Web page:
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Men and women communicate differently

Try as we might to bridge the gap, gender differences remain, at least to some extent.

There’s a reason that women can talk, laugh, and cry all night with a gaggle of girlfriends and a reason why men can walk away from a Super Bowl party feeling on top of their game even though they never talked about anything personal all night.

We all need different things to feel safe in a relationship. Most women need an emotional connection to feel sexual, while men need a physical connection to feel close. It’s a wonder the two ever get together when you think about it. And when it comes to conversation, women need to feel heard at a heart level to feel validated. They don’t want to be fixed or squeezed into a budget matrix and analyzed. They want to be understood and accepted on a deep level.

Men, on the other hand, seek to feel respected. They need to feel validated for their competence and will often become defensive or shut down if they perceive criticism. These are the natural tendencies of each gender, and they masquerade in countless detailed costumes. However, the wearer of the mask is always the same.

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The death of intimacy?

When therapists deal with communication issues with clients, they are always seeking to remove the masks.

Some questions they may ask are:

  • "What’s underneath that?"
  • "What is the primary emotion that causes your anger to come up?"
  • "What do you think he is saying when he interrupts you or tells you what you need to do?"
  • "What do you think she is saying when she counters your ideas with ideas of her own? How do you feel, at that moment?"

Intimacy dies when you stop communicating with your spouse. Communication is the balm of life — it softens the rough edges and helps us navigate life’s inevitable challenges. We feel less alone and supported through communication.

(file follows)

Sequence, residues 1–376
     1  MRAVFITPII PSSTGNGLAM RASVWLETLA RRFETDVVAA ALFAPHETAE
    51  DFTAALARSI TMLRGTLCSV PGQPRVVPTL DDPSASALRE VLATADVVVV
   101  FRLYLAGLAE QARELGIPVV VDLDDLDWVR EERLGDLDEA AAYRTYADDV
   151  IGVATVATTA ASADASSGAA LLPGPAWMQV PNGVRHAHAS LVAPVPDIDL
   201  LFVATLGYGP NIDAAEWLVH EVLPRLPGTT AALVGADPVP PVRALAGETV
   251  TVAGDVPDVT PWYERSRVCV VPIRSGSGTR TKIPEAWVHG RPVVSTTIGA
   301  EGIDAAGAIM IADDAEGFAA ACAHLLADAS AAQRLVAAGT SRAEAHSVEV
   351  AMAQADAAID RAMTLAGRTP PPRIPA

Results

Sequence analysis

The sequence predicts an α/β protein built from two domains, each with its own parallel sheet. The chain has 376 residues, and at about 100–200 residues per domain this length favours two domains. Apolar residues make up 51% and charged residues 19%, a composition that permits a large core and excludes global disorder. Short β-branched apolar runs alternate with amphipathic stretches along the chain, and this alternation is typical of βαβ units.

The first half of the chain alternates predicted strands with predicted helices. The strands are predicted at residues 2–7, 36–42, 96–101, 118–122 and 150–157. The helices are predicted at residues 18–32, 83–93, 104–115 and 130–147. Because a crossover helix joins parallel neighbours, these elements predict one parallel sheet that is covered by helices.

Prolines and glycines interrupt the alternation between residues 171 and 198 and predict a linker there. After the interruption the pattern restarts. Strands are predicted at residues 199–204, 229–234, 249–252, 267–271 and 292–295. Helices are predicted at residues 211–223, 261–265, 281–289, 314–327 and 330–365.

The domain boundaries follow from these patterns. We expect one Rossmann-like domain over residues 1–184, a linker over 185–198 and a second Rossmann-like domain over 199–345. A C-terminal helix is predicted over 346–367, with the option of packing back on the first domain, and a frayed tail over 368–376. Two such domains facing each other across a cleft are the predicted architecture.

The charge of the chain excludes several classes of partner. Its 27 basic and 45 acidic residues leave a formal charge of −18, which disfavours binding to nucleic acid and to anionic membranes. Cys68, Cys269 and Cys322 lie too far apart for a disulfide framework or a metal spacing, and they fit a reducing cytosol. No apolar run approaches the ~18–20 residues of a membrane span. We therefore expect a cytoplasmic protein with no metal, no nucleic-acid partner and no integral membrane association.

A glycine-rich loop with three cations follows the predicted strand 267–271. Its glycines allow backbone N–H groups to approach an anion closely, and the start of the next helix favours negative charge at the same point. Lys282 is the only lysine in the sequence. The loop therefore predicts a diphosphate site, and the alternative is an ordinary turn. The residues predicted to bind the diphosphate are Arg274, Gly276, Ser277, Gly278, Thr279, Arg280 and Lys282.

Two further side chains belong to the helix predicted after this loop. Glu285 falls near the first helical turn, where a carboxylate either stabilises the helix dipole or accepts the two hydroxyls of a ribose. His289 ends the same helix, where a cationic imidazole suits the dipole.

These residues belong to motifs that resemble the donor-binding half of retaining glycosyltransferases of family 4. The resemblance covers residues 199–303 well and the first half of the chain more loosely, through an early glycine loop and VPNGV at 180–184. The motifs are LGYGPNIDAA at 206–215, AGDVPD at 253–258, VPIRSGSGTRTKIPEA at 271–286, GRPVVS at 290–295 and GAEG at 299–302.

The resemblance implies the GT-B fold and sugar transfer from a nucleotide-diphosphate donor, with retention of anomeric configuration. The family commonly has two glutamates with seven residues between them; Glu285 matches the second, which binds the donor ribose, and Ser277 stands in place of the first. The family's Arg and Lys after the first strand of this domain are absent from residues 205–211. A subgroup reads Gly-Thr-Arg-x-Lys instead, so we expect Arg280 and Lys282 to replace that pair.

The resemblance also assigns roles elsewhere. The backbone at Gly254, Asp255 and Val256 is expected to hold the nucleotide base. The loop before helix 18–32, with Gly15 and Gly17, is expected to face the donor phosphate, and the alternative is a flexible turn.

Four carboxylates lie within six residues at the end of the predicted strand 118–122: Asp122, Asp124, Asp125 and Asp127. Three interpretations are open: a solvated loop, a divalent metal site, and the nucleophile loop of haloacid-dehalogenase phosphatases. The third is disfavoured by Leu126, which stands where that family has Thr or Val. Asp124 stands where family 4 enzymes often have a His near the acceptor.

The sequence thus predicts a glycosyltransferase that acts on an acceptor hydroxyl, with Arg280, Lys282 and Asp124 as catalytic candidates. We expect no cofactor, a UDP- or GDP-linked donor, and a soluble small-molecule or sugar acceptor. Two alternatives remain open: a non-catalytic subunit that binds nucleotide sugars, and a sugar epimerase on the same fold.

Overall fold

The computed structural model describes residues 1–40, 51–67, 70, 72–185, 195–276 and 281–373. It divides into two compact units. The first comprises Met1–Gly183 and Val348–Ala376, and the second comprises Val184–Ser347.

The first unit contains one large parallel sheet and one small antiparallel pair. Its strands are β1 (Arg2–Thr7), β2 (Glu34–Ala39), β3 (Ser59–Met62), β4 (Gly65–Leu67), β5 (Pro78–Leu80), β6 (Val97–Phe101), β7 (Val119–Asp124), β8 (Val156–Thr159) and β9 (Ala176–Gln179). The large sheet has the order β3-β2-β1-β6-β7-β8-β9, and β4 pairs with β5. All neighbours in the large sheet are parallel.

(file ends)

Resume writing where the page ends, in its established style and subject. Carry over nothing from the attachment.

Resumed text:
But, intimacy requires vulnerability, an uncomfortable state for some people. To be vulnerable is risky and can feel dangerous, especially if a person has been betrayed after they’ve trusted a person with sensitive information in the past.

We choose what to do with the vulnerability that is shared with us. We can bless another by cradling vulnerability offered as an expression of trust and confidence, or we can use it as ammunition.

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For true intimacy, be vulnerable

There is no intimacy without vulnerability, and there is no marriage without intimacy. Everyone has an innate yearning to be heard and understood. The only reason we repeat and rephrase ourselves is that we aren’t convinced we are being listened to beyond the transcript.

We want an emotional engagement with our spouse. And we don’t want to have to go to war to accomplish that. When you stop communicating with your spouse, it’s a signal that something in your relationship isn’t quite right.

Couples that explore what’s going on and make the changes necessary to address the underlying causes often regain their connection and start talking again.

If you have trouble identifying the reasons you’ve stopped talking, seeking the help of a therapist might save your marriage. Love isn’t a competition. But when it is treated as the gift it is, both partners — and the relationship — win.

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Dr. Jerry Duberstein, Ph.D., is a couples therapist and his partner, Mary Ellen Goggin, JD, is a relationship guide. They lead private intensive couples retreats and are the co-authors of Relationship Transformation: Have Your Cake and Eat It Too.

This article was originally published at The Free & Connected blog. Reprinted with permission from the author.